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FMS ALLIANCE Martial Arts - Hapkido (Korean Self Defense Martial Art)
Hapkido is a martial art of Korean origin. Its name means literally "The way of coordination and internal power." Hapkido is a complete martial art in that it consists of: dynamic striking and kicking techniques, with hard and soft style deflection techniques, throws, takedowns, ground-fighting, and extensive joint locking techniques. Hapkido is the combination of two Korean Martial Arts - Yool Sool which comes from the Japanese art known as Daito-Ryu Aiki-Jutsu and Tae Kyon which is an ancient Korean Kicking Skill that was widespread during the time of the Three Kingdoms and lately had modern influences from other martial arts sources.

Daito-Ryu Aiki-Jutsu

Daito-Ryu can be traced all the way back to Senwa Tenno who is considered by many to be the very first in the Daito Ryu line. The techniques were basically the combat methods of the Minamoto clan that had been refined and perfected by General Yoshimitsu. The General is known to have studied the cadavers of criminals to understand human anatomy. The techniques of General Yoshimitsu were passed down and then combined with the Aizu techniques to become what is now known as Daito Ryu.

The origin of Daito-Ryu starts with Soemon Takeda (1758-1853). Soemon Takeda taught a system called aiki-in-ho-yo, "the aiki system of yin and yang," which he passed on to Tanomo Saigo. Saigo also had training in Misoguchi-Ryu swordsmanship and Koshu-ryu military science.

hapkido

hapkido

Tanomo participated in the Boshin war.

Certain that Tanomo had been killed in a battle with the Imperial forces and determined to preserve the honor of the family name, his mother, wife, 5 daughters, and other members of his family committed ritual suicide. However, Tanomo's life had been spared.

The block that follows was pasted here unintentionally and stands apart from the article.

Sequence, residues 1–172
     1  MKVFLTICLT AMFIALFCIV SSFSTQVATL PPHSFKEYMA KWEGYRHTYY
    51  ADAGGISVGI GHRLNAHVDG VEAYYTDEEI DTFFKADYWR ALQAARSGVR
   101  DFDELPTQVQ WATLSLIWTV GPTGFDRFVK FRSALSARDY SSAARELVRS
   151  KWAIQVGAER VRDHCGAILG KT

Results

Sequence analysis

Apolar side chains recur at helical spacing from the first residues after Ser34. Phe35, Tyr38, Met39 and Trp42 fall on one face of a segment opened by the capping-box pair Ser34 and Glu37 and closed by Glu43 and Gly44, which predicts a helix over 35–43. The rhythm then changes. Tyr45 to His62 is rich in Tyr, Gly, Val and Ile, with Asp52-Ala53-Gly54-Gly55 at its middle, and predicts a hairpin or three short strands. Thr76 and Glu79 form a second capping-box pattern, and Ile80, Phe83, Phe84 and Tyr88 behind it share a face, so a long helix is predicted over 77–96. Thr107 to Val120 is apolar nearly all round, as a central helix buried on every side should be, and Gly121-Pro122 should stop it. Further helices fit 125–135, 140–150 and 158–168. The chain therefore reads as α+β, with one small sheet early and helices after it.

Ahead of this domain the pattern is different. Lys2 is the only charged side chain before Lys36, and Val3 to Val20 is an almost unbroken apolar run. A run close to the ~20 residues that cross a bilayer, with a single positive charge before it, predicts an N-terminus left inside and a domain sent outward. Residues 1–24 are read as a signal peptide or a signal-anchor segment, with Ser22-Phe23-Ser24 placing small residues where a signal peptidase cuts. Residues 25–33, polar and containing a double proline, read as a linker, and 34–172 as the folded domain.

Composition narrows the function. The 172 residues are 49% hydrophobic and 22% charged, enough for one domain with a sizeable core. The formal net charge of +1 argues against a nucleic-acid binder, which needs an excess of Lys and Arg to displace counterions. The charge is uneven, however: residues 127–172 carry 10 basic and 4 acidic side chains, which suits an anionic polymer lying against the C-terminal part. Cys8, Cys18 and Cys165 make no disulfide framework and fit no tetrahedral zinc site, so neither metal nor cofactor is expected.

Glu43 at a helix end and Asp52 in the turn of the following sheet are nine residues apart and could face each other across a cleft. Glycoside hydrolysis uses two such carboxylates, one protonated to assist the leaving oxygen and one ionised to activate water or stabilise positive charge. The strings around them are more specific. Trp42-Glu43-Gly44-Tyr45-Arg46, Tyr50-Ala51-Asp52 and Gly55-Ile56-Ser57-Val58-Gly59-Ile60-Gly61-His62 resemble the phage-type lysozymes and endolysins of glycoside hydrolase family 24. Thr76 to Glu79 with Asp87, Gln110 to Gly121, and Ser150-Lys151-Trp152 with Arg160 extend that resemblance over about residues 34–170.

Tanomo then changed his name to Hoshina and served as a Shinto priest in various districts and later adopted Shiro Shida as his disciple-son.

Shiro was extremely talented and mastered the Ryu's many techniques, later applying them with great success during the foundation of Jigoro Kano's Kodokan school of Judo.

However, Shiro abandoned the practice of both systems, moved to Nagasakai and devoted himself to classical archery the rest of his life.

Tanomo had another heir to the Daito-Ryu, Sokaku Takeda (1860-1943), Soemon's grandson.

Sokaku was no novice to the martial arts.

At an early age he had obtained teaching licenses in Ono-ha Itto-Ryu swordsmanship and Hozion spear-fighting. Sokaku had also studied with the swordsman-saint Kenkichi Sakakibara of the Jikishin-kage-ryu.

Sokaku traveled widely, attracting a large number of students; he was reputed to have around thirty thousand students and nearly every budoka of note in that era was his student in one way or the other.

One of these was his manservant Tatujutu Yoshida (Choi Yong Sool).

hapkido
hapkido

Tanomo had another heir to the Daito-Ryu, Sokaku Takeda (1860-1943), Soemon's grandson. Sokaku was no novice to the martial arts.

At an early age he had obtained teaching licenses in Ono-ha Itto-Ryu swordsmanship and Hozion spear-fighting. Sokaku had also studied with the swordsman-saint Kenkichi Sakakibara of the Jikishin-kage-ryu.

Sokaku traveled widely, attracting a large number of students; he was reputed to have around thirty thousand students and nearly every budoka of note in that era was his student in one way or the other. One of these was his manservant Tatujutu Yoshida (Choi Yong Sool).